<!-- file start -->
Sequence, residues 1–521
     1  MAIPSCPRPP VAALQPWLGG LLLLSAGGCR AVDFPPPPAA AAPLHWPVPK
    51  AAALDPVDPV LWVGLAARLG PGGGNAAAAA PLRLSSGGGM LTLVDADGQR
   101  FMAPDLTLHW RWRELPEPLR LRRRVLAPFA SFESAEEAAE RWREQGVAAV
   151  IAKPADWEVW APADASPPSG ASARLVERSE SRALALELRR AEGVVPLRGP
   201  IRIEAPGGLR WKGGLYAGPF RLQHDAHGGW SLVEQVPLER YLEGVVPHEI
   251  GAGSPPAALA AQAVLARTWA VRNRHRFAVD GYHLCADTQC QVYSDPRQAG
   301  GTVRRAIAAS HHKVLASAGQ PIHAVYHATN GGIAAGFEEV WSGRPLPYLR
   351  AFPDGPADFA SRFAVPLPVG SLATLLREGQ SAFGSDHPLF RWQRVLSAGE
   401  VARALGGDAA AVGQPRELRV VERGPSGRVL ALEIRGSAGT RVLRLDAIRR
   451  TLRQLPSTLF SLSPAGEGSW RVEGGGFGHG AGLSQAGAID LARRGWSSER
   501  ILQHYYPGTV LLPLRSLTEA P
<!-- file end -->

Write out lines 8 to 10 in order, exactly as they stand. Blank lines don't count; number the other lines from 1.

   301  GTVRRAIAAS HHKVLASAGQ PIHAVYHATN GGIAAGFEEV WSGRPLPYLR
   351  AFPDGPADFA SRFAVPLPVG SLATLLREGQ SAFGSDHPLF RWQRVLSAGE
   401  VARALGGDAA AVGQPRELRV VERGPSGRVL ALEIRGSAGT RVLRLDAIRR